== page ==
M Liwicki, A Schlapbach, P Loretan, H Bunke, in Proceedings of the 13th Conference of the International Graphonomics Society. Automatic detection of gender and handedness from online handwriting (Publisher International Graphonomics Society (IGS), 2007), pp. 179–183. http://www.graphonomics.org/publications.php.
 M Liwicki, A Schlapbach, H Bunke, Automatic gender detection using online and offline information. Pattern. Anal. Appl. 14:, 87–92 (2011).View ArticleMathSciNetGoogle Scholar
 KDnuggets, Data integration, analytical ETL, data analysis, and reporting, rapid miner journal (2012). Software available at, http://sourceforge.net/projects/rapidminer/.
 B Ganter, R Wille, Formal Concept Analysis (SpringerVerlag, Berlin Heidelberg, 1999).View ArticleMATHGoogle Scholar
 L Wang, in Proceedings Part I of the Second International Conference, (FSKD 2005), Changsha, China. Fuzzy Systems and knowledge discovery (SpringlerVerlag BerlinHeidelberg, 2005), pp. 515–519. ISBN 10 3–540–28312–9.Google Scholar
 B Ganter. Two basic algorithms in concept analysis. Preprint 831, Technische (Hochschule Darmstadt, Germany, 1984).Google Scholar
 G Birkhoff. Lattice Theory First edition, Providence: American. Mathemathics Society (SpringlerVerlag BerlinHeidelberg, 2005), pp. 515–519. ISBN 10 3–540–28312–9.Google Scholar
 LA Zadeh, Fuzzy sets, information and control. 8:, 338–353 (1965).Google Scholar
 S Elloumi, J Jaam, A Hasnah, A Jaoua, I Nafkha, A multilevel conceptual data reduction approach based on the Lukasiewicz implication. Inf. Sci.163:, 253–262 (2004).View ArticleMathSciNetMATHGoogle Scholar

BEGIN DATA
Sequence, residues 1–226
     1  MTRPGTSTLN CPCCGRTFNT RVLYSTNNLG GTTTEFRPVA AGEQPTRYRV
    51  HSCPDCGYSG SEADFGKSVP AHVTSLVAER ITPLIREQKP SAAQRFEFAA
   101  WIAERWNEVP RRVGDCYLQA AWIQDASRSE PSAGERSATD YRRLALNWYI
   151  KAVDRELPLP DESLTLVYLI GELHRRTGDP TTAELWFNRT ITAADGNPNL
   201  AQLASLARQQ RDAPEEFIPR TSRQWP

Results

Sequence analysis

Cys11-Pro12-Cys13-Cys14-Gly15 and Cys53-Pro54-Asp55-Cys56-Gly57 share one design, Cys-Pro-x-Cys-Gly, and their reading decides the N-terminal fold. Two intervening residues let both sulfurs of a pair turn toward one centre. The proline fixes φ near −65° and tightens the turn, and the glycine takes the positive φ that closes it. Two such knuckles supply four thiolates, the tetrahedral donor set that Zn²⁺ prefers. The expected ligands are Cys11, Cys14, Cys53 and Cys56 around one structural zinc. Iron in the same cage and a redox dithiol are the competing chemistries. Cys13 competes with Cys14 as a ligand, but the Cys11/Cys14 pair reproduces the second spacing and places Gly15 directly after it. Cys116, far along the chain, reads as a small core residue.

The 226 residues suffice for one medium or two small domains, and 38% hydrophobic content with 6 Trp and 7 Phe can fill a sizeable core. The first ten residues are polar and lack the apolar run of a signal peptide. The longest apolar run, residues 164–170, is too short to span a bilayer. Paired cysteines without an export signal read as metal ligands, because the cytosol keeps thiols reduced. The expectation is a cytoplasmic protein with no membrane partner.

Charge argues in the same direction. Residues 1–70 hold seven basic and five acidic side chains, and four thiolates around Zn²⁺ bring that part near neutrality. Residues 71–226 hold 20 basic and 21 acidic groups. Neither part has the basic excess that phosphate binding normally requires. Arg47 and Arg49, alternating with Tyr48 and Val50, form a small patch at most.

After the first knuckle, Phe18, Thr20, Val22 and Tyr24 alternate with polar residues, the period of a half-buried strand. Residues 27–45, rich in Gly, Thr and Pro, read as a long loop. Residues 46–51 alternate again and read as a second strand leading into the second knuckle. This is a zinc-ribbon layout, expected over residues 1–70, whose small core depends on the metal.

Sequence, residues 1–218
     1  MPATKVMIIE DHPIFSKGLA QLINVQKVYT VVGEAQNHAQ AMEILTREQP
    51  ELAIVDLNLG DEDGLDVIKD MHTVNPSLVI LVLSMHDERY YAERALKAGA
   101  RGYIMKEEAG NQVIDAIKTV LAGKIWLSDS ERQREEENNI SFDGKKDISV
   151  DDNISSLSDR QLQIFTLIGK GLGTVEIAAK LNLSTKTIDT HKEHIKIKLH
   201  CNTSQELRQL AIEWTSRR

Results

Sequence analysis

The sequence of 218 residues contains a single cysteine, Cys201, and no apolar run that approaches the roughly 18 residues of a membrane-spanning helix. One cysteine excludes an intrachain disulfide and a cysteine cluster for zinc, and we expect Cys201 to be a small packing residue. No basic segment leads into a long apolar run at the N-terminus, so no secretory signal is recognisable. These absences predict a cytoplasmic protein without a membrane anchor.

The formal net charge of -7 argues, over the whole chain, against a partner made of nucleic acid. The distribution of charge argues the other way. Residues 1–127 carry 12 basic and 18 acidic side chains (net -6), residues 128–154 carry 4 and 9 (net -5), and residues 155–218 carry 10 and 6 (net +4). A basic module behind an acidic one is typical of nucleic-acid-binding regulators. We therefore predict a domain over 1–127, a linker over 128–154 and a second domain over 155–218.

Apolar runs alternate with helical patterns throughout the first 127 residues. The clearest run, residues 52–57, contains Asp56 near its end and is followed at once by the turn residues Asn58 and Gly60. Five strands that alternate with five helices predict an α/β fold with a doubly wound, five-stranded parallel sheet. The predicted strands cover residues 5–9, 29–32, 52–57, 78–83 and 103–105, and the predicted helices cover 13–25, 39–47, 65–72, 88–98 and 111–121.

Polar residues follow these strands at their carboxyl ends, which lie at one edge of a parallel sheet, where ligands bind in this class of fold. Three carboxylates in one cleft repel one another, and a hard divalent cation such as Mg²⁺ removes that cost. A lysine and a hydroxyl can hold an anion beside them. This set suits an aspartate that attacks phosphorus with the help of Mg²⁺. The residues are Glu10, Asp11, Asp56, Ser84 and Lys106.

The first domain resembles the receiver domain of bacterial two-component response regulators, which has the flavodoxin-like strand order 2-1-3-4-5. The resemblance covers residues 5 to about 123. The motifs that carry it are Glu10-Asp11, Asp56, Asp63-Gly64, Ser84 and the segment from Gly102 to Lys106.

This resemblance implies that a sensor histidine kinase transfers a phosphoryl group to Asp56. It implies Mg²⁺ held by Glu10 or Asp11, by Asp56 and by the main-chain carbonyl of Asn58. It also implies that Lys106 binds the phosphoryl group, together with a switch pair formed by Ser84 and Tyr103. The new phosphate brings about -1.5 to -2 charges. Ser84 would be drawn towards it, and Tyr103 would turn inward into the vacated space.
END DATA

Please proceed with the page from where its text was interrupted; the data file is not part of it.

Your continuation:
J Riguet, Lattice Theory First edition, Relations binaires, fermetures et correspondances de Galois. Bull.Soc. Math. France. 78:, 114–155 (1948).MathSciNetGoogle Scholar
 R Belohlavek, Fuzzy Galois connections. Math. Logic Quart.45:, 497–504 (1999).View ArticleMathSciNetMATHGoogle Scholar
 R Belohlavek, Lattices of fixed points of Galois connections. Math.Logic Quart.47:, 111–116 (2001).View ArticleMathSciNetMATHGoogle Scholar
 A Frascella, Lattice Theory First edition, Fuzzy Galois connections under weak conditions, fuzzy sets and systems. 172:, 33–50 (2011).Google Scholar
 SN Srihari, H Arora, SH Cha, S Lee, Individuality of handwriting. J.Forensic Sci. 47(40), 1–17 (2002).Google Scholar
 HE Said, TN Tan, KD Baker, Personal identification based on handwriting. Pattern Recognit. 33(1), 149–160 (2000).View ArticleGoogle Scholar